The function of the cranium, and hence the parietal bones, is to protect the underlying fragile brain. The parietal bone is slightly curved and has a quadrilateral shape. It has two surfaces, four borders and four angles. The borders articulate with the neighbouring skull bones to form various cranial sutures.
How many parietal bones are in the skull?
Anatomically, the cranium can be subdivided into a roof and a base: Cranial roof – comprised of the frontal, occipital and two parietal bones.
Which bone is the parietal bone?
The parietal bone is a paired, irregular, quadrilateral skull bone that forms the sides and roof of the cranium.
How is a parietal bone formed?
The parietal bone is formed from one or two primary ossification centers lying in the same plane or one above the other (Figs. 1, 2, 3). Fusion of primary ossification centers was observed between 15 and 19 weeks of life (Fig. 3).
How thick is the parietal bone?
The mean total parietal thickness is 6.02 mm ± 1.54 mm. The diploe thickness is more variable, while the thickness of the inner and outer table is more constant over the parietal bone. Mean values are 1.52 mm ± 0.50 mm for the inner table, 2.84 mm ± 1.44 mm for the diploe, and 1.70 mm ± 0.48 mm for the outer table.
What bone does not touch the parietal bone?
Anatomical terms of bone
What is the softest part of the skull?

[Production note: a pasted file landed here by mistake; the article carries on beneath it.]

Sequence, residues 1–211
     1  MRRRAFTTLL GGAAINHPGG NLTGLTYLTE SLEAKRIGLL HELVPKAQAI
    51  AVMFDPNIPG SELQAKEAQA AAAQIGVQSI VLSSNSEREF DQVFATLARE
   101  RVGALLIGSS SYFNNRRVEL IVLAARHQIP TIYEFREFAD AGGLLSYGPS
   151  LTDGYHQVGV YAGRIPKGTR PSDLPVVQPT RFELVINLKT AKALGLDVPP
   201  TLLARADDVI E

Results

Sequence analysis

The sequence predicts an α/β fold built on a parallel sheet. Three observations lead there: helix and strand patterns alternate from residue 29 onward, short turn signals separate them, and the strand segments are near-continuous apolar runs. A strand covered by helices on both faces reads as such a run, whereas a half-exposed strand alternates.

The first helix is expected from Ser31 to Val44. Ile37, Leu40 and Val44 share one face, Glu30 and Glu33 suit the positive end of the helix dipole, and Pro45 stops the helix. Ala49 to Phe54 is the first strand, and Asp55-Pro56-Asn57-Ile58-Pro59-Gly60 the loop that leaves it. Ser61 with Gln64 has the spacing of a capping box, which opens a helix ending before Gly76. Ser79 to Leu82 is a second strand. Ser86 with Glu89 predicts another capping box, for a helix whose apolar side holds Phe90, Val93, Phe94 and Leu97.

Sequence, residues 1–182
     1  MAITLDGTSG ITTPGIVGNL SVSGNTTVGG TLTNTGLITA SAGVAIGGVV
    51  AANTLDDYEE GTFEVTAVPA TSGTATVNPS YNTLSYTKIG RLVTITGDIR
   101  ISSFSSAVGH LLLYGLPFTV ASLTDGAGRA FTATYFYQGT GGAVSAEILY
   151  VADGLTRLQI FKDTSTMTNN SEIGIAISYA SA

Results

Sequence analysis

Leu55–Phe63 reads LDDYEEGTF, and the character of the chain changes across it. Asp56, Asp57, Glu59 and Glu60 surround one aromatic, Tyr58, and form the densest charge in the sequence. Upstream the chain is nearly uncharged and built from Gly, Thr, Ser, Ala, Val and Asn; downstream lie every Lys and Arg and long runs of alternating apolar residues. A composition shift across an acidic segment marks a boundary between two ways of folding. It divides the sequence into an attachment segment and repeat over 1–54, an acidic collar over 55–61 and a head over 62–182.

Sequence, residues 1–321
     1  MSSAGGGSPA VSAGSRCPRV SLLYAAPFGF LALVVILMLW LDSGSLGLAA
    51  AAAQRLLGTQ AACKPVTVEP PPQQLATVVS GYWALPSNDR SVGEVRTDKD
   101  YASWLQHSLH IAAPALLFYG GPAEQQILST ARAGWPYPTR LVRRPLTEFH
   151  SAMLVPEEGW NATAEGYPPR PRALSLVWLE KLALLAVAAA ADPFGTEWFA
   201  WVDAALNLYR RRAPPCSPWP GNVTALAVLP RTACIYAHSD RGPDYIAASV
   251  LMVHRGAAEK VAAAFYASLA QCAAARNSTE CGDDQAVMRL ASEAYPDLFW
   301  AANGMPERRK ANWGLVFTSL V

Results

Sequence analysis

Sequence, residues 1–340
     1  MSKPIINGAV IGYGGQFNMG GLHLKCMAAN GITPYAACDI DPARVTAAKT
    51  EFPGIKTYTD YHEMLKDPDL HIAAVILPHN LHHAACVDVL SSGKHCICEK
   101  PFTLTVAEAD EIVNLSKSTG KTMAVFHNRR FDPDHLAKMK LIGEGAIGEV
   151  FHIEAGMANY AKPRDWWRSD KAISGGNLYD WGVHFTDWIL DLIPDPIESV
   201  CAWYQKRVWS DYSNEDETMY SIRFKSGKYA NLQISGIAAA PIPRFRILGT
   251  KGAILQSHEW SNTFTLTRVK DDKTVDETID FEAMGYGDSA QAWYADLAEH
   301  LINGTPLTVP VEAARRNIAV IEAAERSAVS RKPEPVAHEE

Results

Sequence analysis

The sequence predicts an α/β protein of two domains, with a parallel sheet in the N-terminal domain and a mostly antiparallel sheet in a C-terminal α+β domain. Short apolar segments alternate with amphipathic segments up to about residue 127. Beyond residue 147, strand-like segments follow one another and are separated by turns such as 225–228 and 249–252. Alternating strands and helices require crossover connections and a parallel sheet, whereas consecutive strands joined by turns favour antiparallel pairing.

The temple is at the side of the head behind the eyes, the bone beneath is known as the temporal bone. This is the softest part of the skull and therefore the easiest to damage. Blunt trauma to this area, such as a kick, will cause brain haemorrhaging, followed by death.
What are the structures of the skull?
The skull is composed of two parts: the cranium and the mandible. The skull forms the anterior most portion of the skeleton and is a product of encephalization, housing the brain, many sensory structures (eyes, ears, nasal cavity), and the feeding system.
What are the different parts of the skull?
The skull consists of three parts, of different embryological origin—the neurocranium, the sutures, and the facial skeleton (also called the membraneous viscerocranium). The neurocranium (or braincase) forms the protective cranial cavity that surrounds and houses the brain and brainstem.
What are the regions of the skull?
The skull base can be subdivided into 3 regions: the anterior, middle, and posterior cranial fossae. (See the image below.) The petro-occipital fissure subdivides the middle cranial fossa into 1 central component and 2 lateral components.